The measure was part of a larger package of 13 charter amendments included on the ballot.
Proposition F lost by about five percent or 1,300 of the total 28,238 votes cast in the election.
It would have created an indexed salary for the mayor and council members based on the pay scale for city department heads and assistant department heads.
For Fiscal Year 2023, the new salary was estimated to be $99,653 for Mayor Mattie Parker, up from $29,000 annually, and $76,727 per year for council members, up from $25,000 per year. As average city employee salaries change, the mayor and council members’ salaries would change as well.
Five bond proposals, which total $560 million, passed by sizable margins. The largest, Proposition A, provides $369 million for streets and mobility and accounts for about two-thirds of the total bond package. It passed by a margin of over 35 percentage points.
Unofficial results also show that Proposition H, a charter amendment that would have deleted the “references to certain appointees and employees having the option to request a City Council public hearing regarding their removal” failed by about 500 votes.
In response to The Texan’s inquiry, Parker’s communications coordinator, Bethany Warner, sent a link to the mayor’s statement on Twitter which did not directly address the failed salary measure.
“As election results are still being finalized, I want to say thank you to the voters for passing this bond, enabling us to fund vital projects that will build stronger communities and support a growing Fort Worth for generations to come.”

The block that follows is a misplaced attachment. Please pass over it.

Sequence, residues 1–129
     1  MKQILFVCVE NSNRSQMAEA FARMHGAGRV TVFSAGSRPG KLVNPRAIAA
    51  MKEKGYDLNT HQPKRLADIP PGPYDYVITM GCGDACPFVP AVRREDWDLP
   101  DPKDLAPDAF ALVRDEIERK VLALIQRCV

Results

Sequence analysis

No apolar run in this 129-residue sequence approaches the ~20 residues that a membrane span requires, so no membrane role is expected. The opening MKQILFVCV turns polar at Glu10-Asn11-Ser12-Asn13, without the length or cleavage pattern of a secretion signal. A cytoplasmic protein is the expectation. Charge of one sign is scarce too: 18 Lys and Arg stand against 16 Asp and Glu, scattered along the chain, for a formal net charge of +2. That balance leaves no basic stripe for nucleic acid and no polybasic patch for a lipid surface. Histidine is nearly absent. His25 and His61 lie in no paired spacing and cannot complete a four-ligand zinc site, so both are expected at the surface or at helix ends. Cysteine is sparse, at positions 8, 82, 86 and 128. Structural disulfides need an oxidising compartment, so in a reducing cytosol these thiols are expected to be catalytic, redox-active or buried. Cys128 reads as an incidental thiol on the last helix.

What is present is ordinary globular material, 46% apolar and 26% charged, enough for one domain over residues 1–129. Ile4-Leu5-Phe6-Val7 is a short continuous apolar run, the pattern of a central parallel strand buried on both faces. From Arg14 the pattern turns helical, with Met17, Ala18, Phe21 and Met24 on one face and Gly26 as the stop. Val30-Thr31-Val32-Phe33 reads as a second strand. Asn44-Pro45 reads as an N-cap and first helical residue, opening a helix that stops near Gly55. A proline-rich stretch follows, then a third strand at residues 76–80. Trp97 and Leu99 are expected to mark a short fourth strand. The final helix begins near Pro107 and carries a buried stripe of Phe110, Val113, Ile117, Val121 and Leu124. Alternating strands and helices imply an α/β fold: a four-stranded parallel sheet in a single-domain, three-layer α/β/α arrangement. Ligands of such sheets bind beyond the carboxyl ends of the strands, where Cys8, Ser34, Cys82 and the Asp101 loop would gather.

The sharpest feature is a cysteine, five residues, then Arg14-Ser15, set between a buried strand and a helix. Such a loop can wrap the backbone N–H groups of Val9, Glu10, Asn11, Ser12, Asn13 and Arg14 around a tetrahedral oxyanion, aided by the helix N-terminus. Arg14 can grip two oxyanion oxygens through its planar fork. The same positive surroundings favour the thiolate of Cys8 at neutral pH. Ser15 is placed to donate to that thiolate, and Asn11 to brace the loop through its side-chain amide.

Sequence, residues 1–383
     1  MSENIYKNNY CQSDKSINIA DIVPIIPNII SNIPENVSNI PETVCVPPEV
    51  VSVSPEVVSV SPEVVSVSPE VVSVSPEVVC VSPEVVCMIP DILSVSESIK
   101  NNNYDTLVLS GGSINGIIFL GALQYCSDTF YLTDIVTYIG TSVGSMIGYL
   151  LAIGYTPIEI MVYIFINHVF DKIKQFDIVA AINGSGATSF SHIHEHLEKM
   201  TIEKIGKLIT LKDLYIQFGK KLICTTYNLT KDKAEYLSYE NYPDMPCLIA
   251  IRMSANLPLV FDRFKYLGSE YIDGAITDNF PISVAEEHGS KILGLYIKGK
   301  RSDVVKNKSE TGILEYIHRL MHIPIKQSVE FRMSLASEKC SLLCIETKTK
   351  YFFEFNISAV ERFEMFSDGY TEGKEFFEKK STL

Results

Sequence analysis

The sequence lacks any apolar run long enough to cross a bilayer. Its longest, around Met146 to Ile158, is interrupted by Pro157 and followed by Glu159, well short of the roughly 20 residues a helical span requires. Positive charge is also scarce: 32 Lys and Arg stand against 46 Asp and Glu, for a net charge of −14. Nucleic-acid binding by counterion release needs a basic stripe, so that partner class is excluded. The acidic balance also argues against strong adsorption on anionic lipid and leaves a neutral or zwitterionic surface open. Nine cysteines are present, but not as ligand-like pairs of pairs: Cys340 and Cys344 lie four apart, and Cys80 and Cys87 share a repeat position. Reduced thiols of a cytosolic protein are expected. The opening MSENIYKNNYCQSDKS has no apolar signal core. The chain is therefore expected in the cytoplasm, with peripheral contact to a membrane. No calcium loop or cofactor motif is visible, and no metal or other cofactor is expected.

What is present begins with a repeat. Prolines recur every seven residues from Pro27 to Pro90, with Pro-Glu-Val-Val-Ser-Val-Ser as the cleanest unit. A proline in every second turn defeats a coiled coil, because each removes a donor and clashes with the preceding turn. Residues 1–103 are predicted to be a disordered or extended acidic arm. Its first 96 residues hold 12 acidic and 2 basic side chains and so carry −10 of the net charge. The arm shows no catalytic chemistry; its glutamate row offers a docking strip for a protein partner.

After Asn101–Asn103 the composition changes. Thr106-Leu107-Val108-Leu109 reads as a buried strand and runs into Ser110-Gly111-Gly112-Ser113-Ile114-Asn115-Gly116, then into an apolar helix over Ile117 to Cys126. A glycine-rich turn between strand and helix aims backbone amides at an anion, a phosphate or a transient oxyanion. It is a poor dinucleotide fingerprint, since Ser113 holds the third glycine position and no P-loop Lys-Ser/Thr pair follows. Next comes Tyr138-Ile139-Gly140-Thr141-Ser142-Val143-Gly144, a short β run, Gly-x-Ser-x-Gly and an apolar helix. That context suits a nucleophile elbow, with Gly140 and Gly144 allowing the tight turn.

She added, “I also appreciate that voters provided us valuable feedback on City Charter changes, which included passing many important technical amendments to address the ever-evolving needs of a big city.”
Fort Worth residents of District 4 also voted for a city council member to replace Cary Moon, who ran for the state legislature earlier this year.
Alan Blaylock won a four-way race with over 52 percent of votes cast. On his campaign Facebook page, Blaylock thanked the voters. “Last night, voters voiced their desire for low taxes, safe neighborhoods and better streets. I’m honored they chose me to be their voice at city hall advocating for our community. The campaign is over and now it’s time to get to work.”
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Kim Roberts is a regional reporter for the Texan in the DFW metroplex area where she has lived for over twenty years. She has a Juris Doctor from Baylor University Law School and a Bachelor's in government from Angelo State University. In her free time, Kim home schools her daughter and coaches high school extemporaneous speaking and apologetics. She has been happily married to her husband for 23 years, has three wonderful children, and two dogs.